University plays games with resources

We must stay vigilant, or the resources we need to succeed will disappear altogether.

For decades upon decades blacks have been successfully silenced inside every institution, allowing ignorance to manifest and breed rapidly across this nation. We have allowed our creditability to be questioned, inventions stolen, thoughts belittled and culture plagiarized.

These facts should not alarm you; it is an every day occurence in today’s culture. It seems the shades of our beautiful coat of armor have been laid to rest while the battle of disparities surges on.

As a University senior and proud General College alumni I have witnessed the overt politics and subtle inconveniences credited to blacks on this campus. During my first year, resources and much needed companionship could be found next door in the Science Classroom Building. The African American Learning Resource Center, strategically neighboring Applebee Hall, housed scholarship programs, counseling, forums and organizations – a home for minorities run by minorities.

The proximity created a synergy that can not be found in its current location. As the renovations continuously arrived on our campus the center was uprooted to an almost undisclosed location. The center is now located across from McDonald’s, on the other side of Starbucks, behind some fraternity house. I am sure the University thought this location more convenient for blacks.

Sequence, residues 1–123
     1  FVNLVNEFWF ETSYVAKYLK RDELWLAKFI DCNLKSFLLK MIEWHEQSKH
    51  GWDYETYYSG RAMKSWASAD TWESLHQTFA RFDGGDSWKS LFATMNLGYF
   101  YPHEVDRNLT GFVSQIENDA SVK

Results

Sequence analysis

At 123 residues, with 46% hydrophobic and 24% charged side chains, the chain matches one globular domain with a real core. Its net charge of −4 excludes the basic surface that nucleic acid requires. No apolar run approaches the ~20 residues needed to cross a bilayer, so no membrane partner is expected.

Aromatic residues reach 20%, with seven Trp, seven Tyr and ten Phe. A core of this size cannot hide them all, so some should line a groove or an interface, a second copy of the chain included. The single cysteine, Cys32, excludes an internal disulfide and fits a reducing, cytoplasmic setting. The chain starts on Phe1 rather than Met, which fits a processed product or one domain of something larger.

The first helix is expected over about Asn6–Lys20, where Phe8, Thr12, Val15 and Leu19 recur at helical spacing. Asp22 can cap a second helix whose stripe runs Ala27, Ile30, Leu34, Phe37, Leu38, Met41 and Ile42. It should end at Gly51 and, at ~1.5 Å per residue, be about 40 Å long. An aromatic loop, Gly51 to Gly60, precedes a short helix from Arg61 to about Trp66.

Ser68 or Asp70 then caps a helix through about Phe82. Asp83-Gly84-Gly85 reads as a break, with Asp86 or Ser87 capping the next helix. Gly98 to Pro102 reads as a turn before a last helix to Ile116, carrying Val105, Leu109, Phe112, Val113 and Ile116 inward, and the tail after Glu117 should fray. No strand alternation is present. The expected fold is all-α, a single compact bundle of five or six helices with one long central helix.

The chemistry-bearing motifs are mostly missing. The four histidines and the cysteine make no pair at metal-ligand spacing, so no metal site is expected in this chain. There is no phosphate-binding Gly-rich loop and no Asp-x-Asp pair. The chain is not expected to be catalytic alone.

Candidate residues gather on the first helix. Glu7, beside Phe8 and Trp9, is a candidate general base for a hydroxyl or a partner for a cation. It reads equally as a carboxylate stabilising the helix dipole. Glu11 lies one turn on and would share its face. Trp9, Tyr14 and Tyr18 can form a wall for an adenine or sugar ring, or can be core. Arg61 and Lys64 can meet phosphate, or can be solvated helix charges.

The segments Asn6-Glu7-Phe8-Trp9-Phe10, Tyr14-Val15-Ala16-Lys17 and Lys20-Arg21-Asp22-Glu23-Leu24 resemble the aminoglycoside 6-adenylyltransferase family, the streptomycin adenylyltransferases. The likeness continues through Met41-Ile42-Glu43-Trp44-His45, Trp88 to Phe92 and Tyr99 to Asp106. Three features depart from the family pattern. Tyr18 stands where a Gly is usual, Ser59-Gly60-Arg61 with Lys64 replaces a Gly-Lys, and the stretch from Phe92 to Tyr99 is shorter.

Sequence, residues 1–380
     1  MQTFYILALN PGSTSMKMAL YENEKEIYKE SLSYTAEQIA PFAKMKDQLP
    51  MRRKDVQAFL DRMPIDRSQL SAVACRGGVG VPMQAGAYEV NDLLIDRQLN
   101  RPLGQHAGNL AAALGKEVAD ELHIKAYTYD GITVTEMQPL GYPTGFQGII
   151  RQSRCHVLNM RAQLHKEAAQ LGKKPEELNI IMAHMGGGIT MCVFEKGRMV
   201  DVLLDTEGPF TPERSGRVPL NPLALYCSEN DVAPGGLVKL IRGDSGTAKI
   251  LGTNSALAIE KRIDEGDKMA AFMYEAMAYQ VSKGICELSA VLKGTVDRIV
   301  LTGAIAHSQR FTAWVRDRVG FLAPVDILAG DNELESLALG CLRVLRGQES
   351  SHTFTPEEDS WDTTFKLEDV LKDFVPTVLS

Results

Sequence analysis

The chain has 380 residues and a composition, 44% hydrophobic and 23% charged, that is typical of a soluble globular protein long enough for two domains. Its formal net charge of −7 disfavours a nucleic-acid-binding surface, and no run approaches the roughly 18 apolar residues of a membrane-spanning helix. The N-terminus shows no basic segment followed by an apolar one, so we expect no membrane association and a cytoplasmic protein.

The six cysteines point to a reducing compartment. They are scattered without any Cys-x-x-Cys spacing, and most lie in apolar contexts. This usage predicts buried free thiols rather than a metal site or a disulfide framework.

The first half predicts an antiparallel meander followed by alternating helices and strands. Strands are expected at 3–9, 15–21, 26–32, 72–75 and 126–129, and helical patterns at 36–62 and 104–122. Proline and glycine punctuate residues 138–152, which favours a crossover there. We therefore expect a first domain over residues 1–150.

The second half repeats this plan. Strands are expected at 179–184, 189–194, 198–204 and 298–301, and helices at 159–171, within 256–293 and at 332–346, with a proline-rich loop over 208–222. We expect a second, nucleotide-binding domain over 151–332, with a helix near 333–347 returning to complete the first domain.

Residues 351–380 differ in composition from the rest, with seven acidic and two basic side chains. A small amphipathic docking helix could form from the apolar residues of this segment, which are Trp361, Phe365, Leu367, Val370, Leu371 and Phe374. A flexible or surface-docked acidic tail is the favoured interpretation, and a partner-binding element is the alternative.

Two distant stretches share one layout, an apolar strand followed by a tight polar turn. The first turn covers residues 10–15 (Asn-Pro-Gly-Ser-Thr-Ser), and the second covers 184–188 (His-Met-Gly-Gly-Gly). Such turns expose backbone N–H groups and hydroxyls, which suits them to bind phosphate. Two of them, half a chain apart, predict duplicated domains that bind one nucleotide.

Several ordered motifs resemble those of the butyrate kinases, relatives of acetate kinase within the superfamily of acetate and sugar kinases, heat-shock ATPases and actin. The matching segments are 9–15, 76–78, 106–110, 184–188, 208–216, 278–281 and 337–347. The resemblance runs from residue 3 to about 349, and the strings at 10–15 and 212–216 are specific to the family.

More uprooting seems to be in the plans for the University, along with downsizing General College and TRiO Programs. These programs seek to provide academic support, financial aid counseling and leadership development. With the skills provided by the aforementioned arenas, blacks have become equipped to place their armor on and fight.

This game of hide and seek with our resources has to end, and this month with this knowledge we can make an impact. There has been talk of change, and meetings of change, but the University has been relentless in illustrating the phrase, “talk is cheap.” With less than 500 hours left in Black History Month, I challenge us all to stay aware of the issues on campus; stay aware of resources; stay aware of your voice’s value; and stay aware of the power of being black.

Charles Helm is a University student and member of Alpha Phi Alpha fraternity. Please send comments to [email protected]